With rare exception, players who uttered public proclamations about the redesigned TPC Four Seasons Las Colinas course offered glowing reviews about the home course of the EDS Byron Nelson Championship during last week's event.
Sure, the typical nitpicks surfaced about difficult pin locations or being forced to play the back tees, rather than moving up to closer tees during windy conditions (both are decisions by PGA Tour rules officials, not course flaws). But the general feedback seemed overwhelmingly favorable.
Tony Navarro, caddie for Nelson champion Adam Scott, even went so far as to say: "I think you'll see at least four of the top 10 players come back here next year. This is what the top golfers are looking for ... A good test, but a fair test."
Based on a report posted on PA Sports Ticker, however, Navarro apparently isn't speaking for all caddies. Or all players.
The report cites an unnamed caddie saying he "spoke to a dozen players and not one had anything positive to say about the changes" made by architect D.A. Weibring during the off-season.
In the Web site report, the caddied added: "The course certainly looks better but everybody thinks they have made the greens even worse. The slopes are too severe, especially on some of the holes where you're coming in with a long iron."
And this was the kicker: "There's no way they'll ever get a great field here again, which is a shame, because the tournament could not treat us better," the unnamed caddie said. "The bottom line is that players set their schedule by the quality of the course first, the schedule second. Even a better date on the schedule won't help much if they don't like the course."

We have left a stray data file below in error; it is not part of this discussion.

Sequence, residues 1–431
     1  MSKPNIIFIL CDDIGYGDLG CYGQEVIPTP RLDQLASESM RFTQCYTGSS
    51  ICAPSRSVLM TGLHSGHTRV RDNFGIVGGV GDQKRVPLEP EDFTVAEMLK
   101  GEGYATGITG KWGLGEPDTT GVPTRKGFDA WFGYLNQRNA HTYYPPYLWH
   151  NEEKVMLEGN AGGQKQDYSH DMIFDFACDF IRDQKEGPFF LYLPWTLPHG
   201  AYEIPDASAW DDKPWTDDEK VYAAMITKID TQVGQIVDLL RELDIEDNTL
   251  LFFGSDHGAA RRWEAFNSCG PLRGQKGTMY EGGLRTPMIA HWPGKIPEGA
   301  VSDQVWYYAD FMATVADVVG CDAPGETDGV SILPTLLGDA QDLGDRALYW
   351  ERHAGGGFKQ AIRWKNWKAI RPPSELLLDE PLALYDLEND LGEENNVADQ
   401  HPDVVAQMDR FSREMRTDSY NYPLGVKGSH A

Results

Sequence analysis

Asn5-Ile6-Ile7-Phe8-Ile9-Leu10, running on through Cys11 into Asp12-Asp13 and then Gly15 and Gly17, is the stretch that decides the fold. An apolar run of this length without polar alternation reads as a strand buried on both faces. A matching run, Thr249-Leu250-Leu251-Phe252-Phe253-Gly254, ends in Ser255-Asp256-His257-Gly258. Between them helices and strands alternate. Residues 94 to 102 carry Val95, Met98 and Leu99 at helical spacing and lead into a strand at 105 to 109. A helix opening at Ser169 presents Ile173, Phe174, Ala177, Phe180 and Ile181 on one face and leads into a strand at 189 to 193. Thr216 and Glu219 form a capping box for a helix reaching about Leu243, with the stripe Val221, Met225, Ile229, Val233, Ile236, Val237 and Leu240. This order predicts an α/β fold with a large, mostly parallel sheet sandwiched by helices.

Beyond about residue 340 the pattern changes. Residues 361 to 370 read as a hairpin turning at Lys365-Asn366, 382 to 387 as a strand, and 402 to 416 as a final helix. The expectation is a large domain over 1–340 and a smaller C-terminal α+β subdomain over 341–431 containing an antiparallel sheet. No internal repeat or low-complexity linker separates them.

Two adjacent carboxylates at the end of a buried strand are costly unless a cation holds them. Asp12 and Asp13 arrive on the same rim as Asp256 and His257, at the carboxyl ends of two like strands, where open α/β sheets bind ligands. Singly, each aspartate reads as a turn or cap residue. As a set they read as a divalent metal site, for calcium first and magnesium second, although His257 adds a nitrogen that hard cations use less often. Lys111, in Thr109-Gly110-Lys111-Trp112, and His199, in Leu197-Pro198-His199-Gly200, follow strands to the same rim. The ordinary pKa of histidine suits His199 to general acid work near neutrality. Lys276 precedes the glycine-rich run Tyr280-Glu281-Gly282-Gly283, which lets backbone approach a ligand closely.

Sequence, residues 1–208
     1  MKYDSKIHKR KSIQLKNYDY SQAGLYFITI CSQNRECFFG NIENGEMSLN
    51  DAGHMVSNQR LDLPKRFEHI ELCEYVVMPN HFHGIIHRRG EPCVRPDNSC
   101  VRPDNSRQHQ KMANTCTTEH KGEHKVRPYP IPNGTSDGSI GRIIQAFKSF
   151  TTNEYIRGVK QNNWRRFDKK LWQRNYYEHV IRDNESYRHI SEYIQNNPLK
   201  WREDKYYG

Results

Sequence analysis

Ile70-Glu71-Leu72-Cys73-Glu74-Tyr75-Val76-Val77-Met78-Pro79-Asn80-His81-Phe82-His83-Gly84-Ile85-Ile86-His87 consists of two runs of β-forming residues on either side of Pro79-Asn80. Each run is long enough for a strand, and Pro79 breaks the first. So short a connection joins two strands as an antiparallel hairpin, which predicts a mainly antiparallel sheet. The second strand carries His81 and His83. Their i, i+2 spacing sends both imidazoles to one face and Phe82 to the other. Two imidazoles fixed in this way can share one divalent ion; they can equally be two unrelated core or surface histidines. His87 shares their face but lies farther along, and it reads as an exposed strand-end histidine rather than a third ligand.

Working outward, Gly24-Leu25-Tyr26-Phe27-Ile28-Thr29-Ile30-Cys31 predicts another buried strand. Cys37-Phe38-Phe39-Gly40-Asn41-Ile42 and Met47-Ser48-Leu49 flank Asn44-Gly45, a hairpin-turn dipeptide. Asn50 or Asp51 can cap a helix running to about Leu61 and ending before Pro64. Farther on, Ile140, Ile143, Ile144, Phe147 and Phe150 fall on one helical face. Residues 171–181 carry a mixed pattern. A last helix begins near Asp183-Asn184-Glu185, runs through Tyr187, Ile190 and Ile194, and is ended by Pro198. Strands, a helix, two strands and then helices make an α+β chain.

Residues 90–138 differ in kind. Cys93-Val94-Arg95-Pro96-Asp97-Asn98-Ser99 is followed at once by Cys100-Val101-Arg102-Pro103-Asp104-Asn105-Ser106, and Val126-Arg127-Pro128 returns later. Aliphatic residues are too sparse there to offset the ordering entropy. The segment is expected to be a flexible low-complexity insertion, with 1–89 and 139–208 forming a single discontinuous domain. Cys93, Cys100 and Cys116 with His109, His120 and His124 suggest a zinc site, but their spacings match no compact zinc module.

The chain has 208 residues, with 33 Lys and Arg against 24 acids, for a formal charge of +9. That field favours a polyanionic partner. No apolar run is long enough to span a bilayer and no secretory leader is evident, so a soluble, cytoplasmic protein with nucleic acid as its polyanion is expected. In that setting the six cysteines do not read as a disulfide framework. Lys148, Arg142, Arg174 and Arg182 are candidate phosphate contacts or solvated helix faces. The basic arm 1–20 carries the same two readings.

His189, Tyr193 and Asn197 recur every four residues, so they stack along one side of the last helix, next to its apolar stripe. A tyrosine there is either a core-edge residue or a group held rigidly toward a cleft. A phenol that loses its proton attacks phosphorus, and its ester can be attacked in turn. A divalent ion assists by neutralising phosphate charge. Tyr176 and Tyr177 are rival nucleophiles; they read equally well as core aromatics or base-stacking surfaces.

I couldn't agree more about the importance of dates and courses. I just don't believe that one unnamed caddie speaks for the masses.
The acid test will come in 2009, when the Nelson shifts to May dates that, theoretically, should help lure more elite golfers to Irving. The 2008 Nelson field included only one top-10 player from the world golf rankings (Scott), lowest in recent memory. If there is no increase in star power at the 2009 Nelson field, the unnamed caddie's words will carry more weight in retrospect.
For now, he qualifies as a minority voice. Let's let the test of time see if he proves to be a prophet.
Admittedly, most of the players who spoke in support of the revamped Nelson course fell into one of three categories: 1) golfers who played well during the tournament; 2) guys who were involved with the redesign effort or hopeful that it will succeed; 3) players who understand that PGA Tour officials don't like seeing golfers quoted about trashing tour venues, especially one that just underwent a $10 million overhaul.
After Sunday's final round, one veteran player was overheard telling friends that he did not like the course before the redesign and his attitude had not changed after playing 72 holes at the revamped layout. That's one player, who did not want to be quoted, to go along with an unnamed caddie, who did not allow his name to be attached to his quotes.
Harrison Frazar, a Dallas resident and PGA Tour participant who served as a consultant during the Nelson redesign project, said the feedback he received from players -- before and during the tournament -- was overwhelmingly positive.
"The feedback that I've heard from the top players is ... as soon as the schedule gets better, they'll be back," Frazar said.
The schedule should improve in 2009, when the Nelson is scheduled to be played on May 21-24. We'll see then how well the players truly liked the revamped Nelson layout.
Here is the link to the PA Sports Ticker report.
-- Jimmy Burch